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Let's finally get the Diamond and Ruby app completed, with a deadline of end of March April. Images are a pain.

name check done

penny image done

diamond image done

ruby image done

icon done

loading image mysterious problem

help pages and images done

adjust for different screen sizes (done properly this time) not proper but done

fix bug where it slows down done

user acceptance testing well, I accept it

prepare for submission, including signing done, app store text and images

submit to app store

accepted by Apple


Images for diamond, ruby and penny are easy. Just grab some images from a Google image search. Well, no. It's a jungle of options, constraints (copyright, inability to take my own photos), decisions and grunt work, including sizing. Will images look different when sized properly? Should the pennies be dull, contrasting with the brilliant gems, or a more visible and normal bright colour (the background is black) or something in between? Anyway, I'm going through a grinding, step by step process. Gettin' there.

Those darn penny images just don't look right once they are shrunk down. Erg. Frustrating. But I'm proud of myself for finding a solution. Pennies are now a uniform, abstract colour (taken from a loonie). This contrasts with the gems, which are not like that. And I don't have to give my credit card to a website.

Rubies are red. Everybody knows that. Well, they're really a mix of red and dark colour, and when you have a small ruby image against a black background, it gets messy. There's a great ruby image out there, but no place to buy it. I'm looking at taking a ruby image and making it more bright in spots, some surgery.

I got over the hump of getting penny, ruby and diamond images. None involved giving anything to a website.

I have four different approaches to hunting bugs:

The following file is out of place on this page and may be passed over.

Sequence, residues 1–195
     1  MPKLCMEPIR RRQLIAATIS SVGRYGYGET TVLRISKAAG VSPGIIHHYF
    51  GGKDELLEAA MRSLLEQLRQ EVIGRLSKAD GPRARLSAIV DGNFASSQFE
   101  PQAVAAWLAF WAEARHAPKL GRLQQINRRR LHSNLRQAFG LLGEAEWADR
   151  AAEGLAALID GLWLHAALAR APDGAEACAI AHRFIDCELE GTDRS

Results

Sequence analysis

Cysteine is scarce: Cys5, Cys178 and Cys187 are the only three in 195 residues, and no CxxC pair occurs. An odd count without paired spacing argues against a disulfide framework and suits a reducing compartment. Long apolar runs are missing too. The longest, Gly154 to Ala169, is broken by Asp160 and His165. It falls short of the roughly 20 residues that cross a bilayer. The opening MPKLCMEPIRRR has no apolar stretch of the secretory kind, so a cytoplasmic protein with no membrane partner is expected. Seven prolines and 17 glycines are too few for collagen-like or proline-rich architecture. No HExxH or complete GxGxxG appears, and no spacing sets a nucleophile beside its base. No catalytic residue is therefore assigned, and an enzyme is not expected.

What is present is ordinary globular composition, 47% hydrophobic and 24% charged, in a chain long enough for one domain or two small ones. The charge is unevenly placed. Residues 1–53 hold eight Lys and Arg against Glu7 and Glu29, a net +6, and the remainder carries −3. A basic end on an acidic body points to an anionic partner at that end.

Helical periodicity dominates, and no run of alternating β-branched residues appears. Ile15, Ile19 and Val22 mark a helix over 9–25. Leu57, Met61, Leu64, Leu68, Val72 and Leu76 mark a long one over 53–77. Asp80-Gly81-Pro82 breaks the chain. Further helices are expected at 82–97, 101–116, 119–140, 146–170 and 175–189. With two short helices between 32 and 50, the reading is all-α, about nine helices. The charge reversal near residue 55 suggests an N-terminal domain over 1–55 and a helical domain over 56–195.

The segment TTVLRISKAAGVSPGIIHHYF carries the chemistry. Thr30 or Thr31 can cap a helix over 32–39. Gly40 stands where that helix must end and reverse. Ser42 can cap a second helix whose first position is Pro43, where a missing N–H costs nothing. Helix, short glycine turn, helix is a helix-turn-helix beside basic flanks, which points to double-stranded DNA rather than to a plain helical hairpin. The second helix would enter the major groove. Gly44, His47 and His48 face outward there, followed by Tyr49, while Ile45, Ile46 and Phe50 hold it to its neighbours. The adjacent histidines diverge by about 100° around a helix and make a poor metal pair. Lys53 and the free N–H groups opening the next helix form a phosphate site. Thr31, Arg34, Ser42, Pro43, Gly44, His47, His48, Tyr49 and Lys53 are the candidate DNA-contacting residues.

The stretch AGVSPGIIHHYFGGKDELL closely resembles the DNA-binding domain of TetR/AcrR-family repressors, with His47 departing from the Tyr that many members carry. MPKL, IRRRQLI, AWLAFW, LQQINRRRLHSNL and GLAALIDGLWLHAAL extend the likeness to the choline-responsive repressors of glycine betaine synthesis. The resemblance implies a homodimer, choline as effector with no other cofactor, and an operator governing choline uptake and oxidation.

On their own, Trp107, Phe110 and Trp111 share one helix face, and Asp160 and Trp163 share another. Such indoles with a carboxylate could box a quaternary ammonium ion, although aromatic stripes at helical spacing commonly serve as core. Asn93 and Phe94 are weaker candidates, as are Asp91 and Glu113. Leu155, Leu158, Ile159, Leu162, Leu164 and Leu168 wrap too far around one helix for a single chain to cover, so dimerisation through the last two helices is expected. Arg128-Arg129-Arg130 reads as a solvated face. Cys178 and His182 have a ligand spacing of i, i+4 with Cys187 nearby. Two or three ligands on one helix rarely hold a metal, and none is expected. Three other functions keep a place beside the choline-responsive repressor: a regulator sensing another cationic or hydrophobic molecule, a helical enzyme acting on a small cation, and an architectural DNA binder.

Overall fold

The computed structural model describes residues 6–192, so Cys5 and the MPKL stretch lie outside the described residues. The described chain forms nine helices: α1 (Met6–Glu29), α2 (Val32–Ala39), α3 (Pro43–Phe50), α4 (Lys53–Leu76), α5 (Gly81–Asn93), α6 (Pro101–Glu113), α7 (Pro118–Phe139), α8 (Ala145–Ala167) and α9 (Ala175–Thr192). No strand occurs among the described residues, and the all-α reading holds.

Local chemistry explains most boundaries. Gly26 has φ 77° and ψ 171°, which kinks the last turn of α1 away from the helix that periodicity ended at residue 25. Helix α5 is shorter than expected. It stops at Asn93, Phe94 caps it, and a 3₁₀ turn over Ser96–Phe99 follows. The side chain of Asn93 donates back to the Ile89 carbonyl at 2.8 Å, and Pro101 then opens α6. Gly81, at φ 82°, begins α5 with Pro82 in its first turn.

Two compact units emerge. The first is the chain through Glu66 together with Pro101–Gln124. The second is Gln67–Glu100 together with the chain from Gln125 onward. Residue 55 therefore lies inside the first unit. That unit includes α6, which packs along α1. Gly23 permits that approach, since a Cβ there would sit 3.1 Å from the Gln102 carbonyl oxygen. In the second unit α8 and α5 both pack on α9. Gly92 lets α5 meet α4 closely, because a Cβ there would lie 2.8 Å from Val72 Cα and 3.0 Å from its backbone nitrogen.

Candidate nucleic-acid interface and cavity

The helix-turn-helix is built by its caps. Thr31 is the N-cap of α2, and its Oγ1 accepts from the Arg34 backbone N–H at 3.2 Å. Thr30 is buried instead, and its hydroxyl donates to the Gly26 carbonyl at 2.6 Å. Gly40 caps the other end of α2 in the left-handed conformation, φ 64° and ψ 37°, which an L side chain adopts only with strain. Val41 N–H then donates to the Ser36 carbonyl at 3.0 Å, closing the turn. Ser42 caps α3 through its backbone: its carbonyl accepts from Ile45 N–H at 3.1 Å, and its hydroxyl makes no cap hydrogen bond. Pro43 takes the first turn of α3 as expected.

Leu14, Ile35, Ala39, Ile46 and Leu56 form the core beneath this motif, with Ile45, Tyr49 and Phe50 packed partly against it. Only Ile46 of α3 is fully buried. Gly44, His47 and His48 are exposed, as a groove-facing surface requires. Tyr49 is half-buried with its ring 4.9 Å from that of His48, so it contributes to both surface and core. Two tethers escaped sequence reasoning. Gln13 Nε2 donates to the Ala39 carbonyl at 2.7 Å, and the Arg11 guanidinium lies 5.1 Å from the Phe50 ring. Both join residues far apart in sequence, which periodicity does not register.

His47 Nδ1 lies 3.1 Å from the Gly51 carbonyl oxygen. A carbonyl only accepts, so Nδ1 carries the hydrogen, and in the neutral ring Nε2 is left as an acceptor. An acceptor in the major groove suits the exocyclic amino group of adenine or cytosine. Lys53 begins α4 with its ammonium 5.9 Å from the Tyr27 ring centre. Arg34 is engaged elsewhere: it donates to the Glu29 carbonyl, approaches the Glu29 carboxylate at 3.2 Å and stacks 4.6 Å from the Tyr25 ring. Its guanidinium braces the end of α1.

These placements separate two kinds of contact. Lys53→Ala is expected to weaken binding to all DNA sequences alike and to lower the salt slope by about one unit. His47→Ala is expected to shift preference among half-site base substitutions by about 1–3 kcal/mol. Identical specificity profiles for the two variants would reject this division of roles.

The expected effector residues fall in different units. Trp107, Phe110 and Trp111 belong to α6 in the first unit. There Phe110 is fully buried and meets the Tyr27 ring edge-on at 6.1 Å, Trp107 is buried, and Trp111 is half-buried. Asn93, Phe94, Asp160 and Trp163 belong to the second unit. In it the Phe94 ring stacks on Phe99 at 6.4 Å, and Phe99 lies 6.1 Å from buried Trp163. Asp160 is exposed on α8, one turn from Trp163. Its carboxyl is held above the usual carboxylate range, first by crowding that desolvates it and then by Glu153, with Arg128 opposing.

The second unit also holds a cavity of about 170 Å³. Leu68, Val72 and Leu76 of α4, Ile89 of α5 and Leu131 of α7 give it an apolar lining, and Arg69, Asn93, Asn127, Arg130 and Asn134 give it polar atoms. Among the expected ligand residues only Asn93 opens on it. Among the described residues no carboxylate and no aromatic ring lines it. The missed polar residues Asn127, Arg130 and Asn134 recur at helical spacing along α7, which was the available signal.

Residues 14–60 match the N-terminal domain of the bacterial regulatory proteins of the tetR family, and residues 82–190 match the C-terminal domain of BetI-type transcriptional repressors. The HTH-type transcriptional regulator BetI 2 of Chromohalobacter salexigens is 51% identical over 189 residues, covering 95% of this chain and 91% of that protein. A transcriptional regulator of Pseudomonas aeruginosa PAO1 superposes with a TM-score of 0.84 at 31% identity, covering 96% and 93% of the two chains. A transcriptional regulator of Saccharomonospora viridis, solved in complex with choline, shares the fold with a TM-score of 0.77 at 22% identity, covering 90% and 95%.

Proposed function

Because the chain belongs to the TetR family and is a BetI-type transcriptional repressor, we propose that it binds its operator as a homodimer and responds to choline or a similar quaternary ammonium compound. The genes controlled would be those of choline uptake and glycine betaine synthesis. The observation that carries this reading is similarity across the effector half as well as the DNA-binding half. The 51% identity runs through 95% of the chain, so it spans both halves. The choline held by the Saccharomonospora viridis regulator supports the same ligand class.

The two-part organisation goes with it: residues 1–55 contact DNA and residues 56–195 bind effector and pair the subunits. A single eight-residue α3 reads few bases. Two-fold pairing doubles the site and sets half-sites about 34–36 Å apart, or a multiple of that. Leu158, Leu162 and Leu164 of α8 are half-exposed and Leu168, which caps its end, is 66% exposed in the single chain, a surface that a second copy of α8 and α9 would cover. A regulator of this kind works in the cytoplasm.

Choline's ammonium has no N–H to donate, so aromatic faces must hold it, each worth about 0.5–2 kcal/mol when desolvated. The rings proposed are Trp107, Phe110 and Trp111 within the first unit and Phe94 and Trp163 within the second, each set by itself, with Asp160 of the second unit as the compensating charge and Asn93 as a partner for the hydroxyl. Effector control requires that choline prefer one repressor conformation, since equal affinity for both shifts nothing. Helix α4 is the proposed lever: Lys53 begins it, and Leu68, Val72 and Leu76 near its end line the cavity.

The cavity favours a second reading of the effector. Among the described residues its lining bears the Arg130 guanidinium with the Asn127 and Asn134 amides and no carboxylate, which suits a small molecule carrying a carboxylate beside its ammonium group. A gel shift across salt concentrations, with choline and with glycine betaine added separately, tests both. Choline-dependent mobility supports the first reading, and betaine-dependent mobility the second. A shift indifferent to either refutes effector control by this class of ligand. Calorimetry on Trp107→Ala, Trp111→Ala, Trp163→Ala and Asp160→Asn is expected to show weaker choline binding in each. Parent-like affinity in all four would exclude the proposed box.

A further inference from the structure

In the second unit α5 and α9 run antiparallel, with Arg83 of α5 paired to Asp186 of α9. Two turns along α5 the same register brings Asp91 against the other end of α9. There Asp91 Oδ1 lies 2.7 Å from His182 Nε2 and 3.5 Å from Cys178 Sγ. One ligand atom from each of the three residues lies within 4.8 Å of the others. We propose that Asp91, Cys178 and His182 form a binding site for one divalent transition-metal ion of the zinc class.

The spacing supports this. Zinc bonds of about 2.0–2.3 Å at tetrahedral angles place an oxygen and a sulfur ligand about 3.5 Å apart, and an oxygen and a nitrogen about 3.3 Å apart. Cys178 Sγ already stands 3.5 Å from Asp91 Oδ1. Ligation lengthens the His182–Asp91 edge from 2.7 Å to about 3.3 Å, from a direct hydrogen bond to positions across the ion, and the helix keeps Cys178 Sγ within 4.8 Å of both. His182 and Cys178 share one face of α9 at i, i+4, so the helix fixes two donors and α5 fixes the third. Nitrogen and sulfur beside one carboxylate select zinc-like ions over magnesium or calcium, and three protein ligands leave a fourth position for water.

Look at the most relevant place. If you know you're low on gas and your car stops, look at the fuel guage. No point in wasting time systematically examing all the engine parts.
Systematically examine everything. You really should understand what's going on in your program.
Play it. See if you can gather some evidence, theories to test.
Code breaks. You can stop the code a particular point and find out what the data values are.
In practice I do a combination of these things.

This happens every time I submit an app.
Games and coding are nice, but I'm just not a hardware person and technical specifications just refuse to sit in my mind. Not a fan of software tools either. However, it's time once again to figure out what to do for different screen sizes, before the app is submitted. I've always used code rather than that AutoLayout tool (graphically? programmatically?). Using a bit of code is uncomfortable because I don't know how it turns out on other people's devices. It looks like I'll just put it on the iPhone 5 again, not that big iPhone 6. You determine which device it runs on by .. as I remember it, by which icon or loading screens are used, which is kooky. Icons are 2x, 3x - they don't do a great job of explaining this

You know how you start a new app, and it shows a minimal version of the app before it starts? That's a picture known as a loading screen.

The text for the app store page is not a crisis, but it should be thought through. "This game is addictive." won't cut it.